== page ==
Emerging markets are in a panic and job growth in the U.S. hit a significant snag last month. Nevertheless, the Federal Reserve is bullish on America.
So much so that the policy setting Federal Open Market Committee shrugged off those two economic elephants in the room and voted unanimously to press forward with its plan to gradually wean the economy from easy-money stimulus policies.
In its statement Wednesday announcing another $10 billion cut in monthly bond purchases, FOMC members ignored the selloff in emerging market currencies altogether and noted vaguely that, despite being “mixed,” U.S. labor market indicators “on balance showed further improvement.”
But if emerging economies, once magnets for investors before the Fed began scaling back easy money, are now struggling, and U.S. labor markets a paradox as the unemployment rate falls for all the wrong reasons, where is the Fed finding cause for its optimism?
Thursday’s GDP report, which showed the U.S. economy expanded at a 3.2% rate in the fourth quarter, is a good place to start.
Root Causes for Fed Optimism
“This GDP release cements the conclusion that U.S. economic growth has finally accelerated from fair to good, and provides evidence that this acceleration will continue into 2014,” said Doug Handler, chief North American economist at IHS Global Insight.
The Fed has forecast that the economy will continue to expand at around that 3% rate throughout 2014 and at an even stronger rate in 2015 without stoking inflation.
Throughout the five-year, stop-and-start recovery following the 2008 financial crisis, the headline unemployment rate was often used as a key barometer of the health of the U.S. economy. But as that number has proven increasingly ambiguous, the Fed has turned to other guideposts for setting policy and issuing forecasts such as GDP and inflation.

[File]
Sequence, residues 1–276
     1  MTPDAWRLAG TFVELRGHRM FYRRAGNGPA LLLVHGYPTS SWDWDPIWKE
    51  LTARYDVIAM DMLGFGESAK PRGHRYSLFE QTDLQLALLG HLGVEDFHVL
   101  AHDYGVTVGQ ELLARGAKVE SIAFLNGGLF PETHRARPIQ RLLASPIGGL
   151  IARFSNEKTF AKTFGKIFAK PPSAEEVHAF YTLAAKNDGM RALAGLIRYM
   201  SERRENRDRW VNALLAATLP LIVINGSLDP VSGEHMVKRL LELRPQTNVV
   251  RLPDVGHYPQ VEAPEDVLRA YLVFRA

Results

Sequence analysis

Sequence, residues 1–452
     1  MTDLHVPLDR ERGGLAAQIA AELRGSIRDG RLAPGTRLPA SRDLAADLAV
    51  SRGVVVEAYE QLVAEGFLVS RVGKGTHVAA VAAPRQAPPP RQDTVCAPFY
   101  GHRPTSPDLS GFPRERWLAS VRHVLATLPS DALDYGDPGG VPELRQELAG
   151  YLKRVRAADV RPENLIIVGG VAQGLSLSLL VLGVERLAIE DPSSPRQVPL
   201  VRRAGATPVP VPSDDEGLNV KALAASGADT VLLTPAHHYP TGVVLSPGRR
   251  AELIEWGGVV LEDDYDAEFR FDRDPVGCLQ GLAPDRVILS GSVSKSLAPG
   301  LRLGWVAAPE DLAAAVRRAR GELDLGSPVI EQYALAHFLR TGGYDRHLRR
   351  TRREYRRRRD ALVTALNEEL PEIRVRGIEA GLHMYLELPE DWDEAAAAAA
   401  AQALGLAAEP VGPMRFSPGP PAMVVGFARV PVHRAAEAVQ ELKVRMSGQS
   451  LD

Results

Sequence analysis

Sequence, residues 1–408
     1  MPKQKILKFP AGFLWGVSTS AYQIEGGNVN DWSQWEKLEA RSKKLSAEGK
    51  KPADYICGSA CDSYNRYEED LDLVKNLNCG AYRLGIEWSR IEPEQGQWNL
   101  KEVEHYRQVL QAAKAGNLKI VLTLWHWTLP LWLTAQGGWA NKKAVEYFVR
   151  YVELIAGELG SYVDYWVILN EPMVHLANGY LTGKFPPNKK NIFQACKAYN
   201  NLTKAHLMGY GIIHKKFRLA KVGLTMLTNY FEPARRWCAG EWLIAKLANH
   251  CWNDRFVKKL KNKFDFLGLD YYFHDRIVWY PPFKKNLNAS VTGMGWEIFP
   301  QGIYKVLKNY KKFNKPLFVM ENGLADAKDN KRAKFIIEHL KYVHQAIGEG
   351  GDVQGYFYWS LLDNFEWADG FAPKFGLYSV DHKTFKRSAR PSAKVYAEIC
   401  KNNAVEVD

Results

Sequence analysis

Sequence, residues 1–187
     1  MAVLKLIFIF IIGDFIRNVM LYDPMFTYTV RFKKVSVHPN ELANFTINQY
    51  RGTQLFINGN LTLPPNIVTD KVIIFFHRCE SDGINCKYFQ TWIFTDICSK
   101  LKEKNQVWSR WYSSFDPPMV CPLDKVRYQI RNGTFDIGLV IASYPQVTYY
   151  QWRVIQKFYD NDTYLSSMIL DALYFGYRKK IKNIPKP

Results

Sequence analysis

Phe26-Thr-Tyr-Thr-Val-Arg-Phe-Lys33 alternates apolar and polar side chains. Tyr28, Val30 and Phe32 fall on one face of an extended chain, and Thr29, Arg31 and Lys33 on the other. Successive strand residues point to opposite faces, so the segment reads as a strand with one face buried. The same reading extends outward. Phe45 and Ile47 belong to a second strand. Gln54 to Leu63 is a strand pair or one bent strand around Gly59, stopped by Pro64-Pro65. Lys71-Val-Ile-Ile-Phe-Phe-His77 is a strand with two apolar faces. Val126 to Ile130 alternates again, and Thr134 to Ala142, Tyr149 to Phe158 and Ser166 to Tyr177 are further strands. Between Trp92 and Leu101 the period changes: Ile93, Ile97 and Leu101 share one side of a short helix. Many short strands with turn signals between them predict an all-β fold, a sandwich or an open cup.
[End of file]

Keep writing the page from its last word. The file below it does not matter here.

It’s worth digging deep into Thursday’s GDP report in order to find some of the root causes of the Fed’s optimism.
Cliff Waldman, senior economist for the Manufacturers Alliance for Productivity and Innovation (MAPI), a public policy and economics research organization in Arlington, Va., pointed to two aspects: an increase in business equipment investment and a boost in exports.
Corporate spending on equipment jumped by 6.9% in the fourth quarter from the prior quarter, sharply higher than the 0.2% increase between the third and second quarters.
“Companies have lots of cash on hand but they’ve been sitting on it. This shows that they’re starting to spend it a little bit and that’s a good thing to see. We needed that,” said Waldman.
Petroleum Exports “Big Driver” of Growth
Just as important as the spending itself is the reason companies are spending: confidence.
If companies are willing to invest in equipment that means they’re likely looking to expand, which will lead to more jobs and hiring.
“When you see a number like this it’s a good sign. It could lead to job strengthening down the line,” said Waldman.
Real exports of goods and services increased 11.4% in the fourth quarter, compared with an increase of 3.9% in the third, a sign that despite the current turbulence in emerging markets demand for U.S. goods remains healthy.
John Sylvia, chief economist at Wells Fargo Securities, said in a note to clients that the “big driver” of growth in exports in recent months has been petroleum exports, which increased by $698 million in November, boosting total petroleum exports to another record high.
“Not only is the American energy boom underpinning export growth, it is reducing demand for foreign oil,” said Sylvia.
Overall, net exports contributed 1.3 percentage points to overall GDP growth. “Exports have steadily increased as global economic activity has increased,” Sylvia explained, citing gains in exports of civilian aircraft, engines and parts, as well as auto-related goods. Exports of industrial supplies and material also rose.
Emerging Markets Turmoil Not Going Away
Meanwhile, Waldman cautioned that the turbulence in emerging markets is a story that might not be going away. The Fed may not have mentioned it in their FOMC statement yesterday, “but there’s no question they’re studying it,” he said.
The end of Fed-printed easy money has been cited as a factor in the emerging markets meltdown as investors who once sought higher returns in EMs are now abandoning those markets.
But Waldman said China’s economic slowdown, which he described as “deeper and wider” than many had anticipated, could have broader and more long-term implications on those struggling economies.